The British farmer’s cyclopaedia, 1808
WEVIL. Mode of destroying. Mr. Willpole having suffered for many years by the wevils, and having tried every possible means to get rid of them, made use at last of a plant, the smell of which attracted these insects from their habitations. He put on a heap of corn, thyme and sweet marjorum, and changed each of these plants every twenty-four hours, in hopes of discovering one which would answer his purpose. He tried also hemp, took a handful of it, and put it on a heap of corn, and found the next morning that the hemp was full of wevils. These little insects seem to have a liking to a smell of a bad nature, since they find the disagreeable smell of hemp pleasant, and it appears that they like the soft rind of it. The handful of hemp was cleaned from these insects, and put again on the corn: the result was that in five days afterwards lucre were no wevils to be seen in the said heap of corn.
In the season when there was no green hemp, they make use of mould and old hemp, and with equal success, except that it requires a longer time to destroy the insects. —Malcolm’s Compendium
Flax and hemp: their culture and manipulation, 1854
“…the hemp will be gathered when it is ripe, which will be known by the whiteness of the stem, and by other signs to be learned by practice. But in pulling it, the male plants must be distinguished from the female, drawing the former firsfand leaving the latter in the ground till the seed is ripe. And not only is the sterility of the male plant the reason of its being gathered first, but in order that the rind may be more productive of fibre, than if it were left standing to harden. On the other hand, waiting for the seed to ripen causes the rind of the female to be harder than it otherwise would. Plucking it from the ground is the fashion of gathering hemp, as vegetables are plucked, with the additional proceeding of sowing turnip-seed amongst it, which, being favoured by rain falling soon afterwards, or by waterings by hand, cannot fail to fructify, in land which has been so well prepared by the hemp, whose strength will have killed all noxious plants and insects. No further trouble need be taken about these turnips than to throw the seed over and amongst the hemp before pulling it; for in the act of gathering, the earth is raised, which is all the tillage the turnips will require, if, after the hemp is pulled, the surface of the ground is smoothed with a rake.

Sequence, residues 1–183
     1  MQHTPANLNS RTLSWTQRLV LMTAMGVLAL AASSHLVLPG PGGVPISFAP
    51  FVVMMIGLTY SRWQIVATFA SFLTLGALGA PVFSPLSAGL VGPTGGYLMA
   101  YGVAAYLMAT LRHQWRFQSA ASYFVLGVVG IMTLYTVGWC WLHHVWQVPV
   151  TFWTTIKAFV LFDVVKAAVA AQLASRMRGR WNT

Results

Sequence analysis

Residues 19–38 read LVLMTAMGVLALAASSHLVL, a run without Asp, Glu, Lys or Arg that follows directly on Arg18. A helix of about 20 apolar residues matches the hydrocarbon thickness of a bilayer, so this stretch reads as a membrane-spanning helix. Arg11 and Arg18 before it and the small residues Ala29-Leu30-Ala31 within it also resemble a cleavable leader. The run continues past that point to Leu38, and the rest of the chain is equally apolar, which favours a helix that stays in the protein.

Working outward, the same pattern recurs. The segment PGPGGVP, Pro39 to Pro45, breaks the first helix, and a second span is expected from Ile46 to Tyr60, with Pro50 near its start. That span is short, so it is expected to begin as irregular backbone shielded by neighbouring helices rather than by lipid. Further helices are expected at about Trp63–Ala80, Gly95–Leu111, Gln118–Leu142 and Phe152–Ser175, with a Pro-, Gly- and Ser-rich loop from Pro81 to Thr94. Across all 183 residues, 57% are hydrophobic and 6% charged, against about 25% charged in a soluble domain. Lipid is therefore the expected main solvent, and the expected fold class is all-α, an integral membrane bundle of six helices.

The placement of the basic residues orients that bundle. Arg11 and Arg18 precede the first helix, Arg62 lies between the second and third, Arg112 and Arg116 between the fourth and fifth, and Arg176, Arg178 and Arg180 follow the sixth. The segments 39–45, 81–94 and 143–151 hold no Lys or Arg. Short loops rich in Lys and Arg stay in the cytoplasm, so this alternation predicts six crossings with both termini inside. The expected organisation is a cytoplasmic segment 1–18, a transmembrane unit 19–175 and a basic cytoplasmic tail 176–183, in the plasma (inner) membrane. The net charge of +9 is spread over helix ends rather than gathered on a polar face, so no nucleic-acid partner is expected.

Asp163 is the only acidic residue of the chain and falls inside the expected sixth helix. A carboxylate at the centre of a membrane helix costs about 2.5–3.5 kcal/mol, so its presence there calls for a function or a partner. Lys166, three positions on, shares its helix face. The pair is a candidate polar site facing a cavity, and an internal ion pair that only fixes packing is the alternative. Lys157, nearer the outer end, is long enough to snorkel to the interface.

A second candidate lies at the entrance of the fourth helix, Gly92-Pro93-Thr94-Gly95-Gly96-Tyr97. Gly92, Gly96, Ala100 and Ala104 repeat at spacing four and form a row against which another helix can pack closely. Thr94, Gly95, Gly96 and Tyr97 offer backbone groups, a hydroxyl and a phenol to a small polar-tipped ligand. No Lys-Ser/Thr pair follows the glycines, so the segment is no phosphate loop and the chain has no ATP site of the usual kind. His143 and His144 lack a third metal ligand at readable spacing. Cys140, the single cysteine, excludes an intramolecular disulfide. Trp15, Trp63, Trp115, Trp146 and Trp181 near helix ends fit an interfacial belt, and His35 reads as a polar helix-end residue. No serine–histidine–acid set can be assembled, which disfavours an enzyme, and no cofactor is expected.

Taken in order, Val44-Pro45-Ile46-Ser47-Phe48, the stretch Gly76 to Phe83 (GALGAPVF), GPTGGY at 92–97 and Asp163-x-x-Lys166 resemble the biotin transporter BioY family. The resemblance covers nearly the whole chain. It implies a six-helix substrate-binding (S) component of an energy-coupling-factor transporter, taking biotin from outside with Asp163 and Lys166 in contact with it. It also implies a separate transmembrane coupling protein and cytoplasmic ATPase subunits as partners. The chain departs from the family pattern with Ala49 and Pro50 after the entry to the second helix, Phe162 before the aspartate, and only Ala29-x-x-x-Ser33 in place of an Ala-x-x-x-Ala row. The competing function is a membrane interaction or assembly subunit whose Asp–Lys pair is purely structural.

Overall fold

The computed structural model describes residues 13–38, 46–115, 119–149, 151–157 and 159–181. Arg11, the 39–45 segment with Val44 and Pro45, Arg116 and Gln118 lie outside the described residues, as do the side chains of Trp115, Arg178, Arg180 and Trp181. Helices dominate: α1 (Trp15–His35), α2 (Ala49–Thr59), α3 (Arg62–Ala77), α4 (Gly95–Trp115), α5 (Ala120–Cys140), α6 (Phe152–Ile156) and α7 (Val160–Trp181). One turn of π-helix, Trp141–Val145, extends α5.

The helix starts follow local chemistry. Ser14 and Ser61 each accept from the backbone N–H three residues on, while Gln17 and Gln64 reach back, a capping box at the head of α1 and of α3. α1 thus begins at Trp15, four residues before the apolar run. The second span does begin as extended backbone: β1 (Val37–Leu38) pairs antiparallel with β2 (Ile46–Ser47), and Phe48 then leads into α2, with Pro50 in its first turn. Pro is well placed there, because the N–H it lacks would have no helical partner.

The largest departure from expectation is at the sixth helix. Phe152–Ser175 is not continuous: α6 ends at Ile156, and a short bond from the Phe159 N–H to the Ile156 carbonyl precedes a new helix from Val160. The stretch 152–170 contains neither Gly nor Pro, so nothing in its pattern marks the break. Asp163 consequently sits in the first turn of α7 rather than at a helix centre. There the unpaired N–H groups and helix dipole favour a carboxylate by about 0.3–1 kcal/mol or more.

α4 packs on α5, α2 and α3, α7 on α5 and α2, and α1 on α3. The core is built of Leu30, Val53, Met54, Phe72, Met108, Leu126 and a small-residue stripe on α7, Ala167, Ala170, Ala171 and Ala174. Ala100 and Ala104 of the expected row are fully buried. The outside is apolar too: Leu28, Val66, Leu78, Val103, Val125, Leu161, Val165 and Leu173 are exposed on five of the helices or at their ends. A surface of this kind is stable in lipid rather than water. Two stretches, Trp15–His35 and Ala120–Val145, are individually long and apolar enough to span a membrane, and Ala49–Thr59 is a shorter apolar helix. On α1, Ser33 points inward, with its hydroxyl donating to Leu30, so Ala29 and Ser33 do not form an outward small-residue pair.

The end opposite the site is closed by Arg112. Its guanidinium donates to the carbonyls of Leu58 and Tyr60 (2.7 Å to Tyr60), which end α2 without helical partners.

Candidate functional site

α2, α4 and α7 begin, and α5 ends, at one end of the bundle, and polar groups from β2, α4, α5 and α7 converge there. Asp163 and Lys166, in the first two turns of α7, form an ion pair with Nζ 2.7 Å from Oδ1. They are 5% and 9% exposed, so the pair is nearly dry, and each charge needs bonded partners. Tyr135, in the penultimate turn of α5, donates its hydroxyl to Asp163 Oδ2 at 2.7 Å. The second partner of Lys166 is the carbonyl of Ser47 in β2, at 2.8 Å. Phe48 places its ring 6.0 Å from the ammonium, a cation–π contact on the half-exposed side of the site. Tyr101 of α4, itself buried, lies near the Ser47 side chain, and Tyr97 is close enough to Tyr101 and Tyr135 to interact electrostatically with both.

…Land does not tire of bearing hemp several years in succession, as it does of almost every other thing, provided there is no spare of ploughing and manuring, by means of which it may be made to continue this service as long as you choose. The strong smell of hemp chases from the ground many noxious herbs and troublesome animals; a very useful thing in gardens. When they are attacked by these nuisances, hemp is grown in them a couple of years successively, which thus ameliorates and renovates the soil, to the great benefit of such herbs as affect fresh ground.“
A history of the vegetable kingdom, 1841
…After this period, the hemp ground requires very little care or labour till it is fit for pulling. This plant is never overrun with weeds, but on the contrary, has the remarkable property of destroying their vegetation. The cause of its producing this effect is attributed by some cultivators to a peculiar poisonous quality residing in its roots; by others it is considered to be so great an impoverisher of the soil as to draw off a11 the nourishment, which would otherwise contribute to the growth of weeds.
Agriculturists sometimes take advantage of this well known fact, and by sowing a crop or two of hemp on the rankest soils, they subdue all noxious weeds, and entirely cleanse the ground from these troublesome intruders. One of the greatest difficulties attending the clearing a tract of ground in the vicinity of Naples, the swamp near the Lago di Patria, was to rid it of an exuberant growth of canne, or reeds, that rose considerably above the head of a man on horseback. The sowing of hemp was found to be by far the most efficacious means. After hemp, Indian corn was very successfully sown in some of the fields.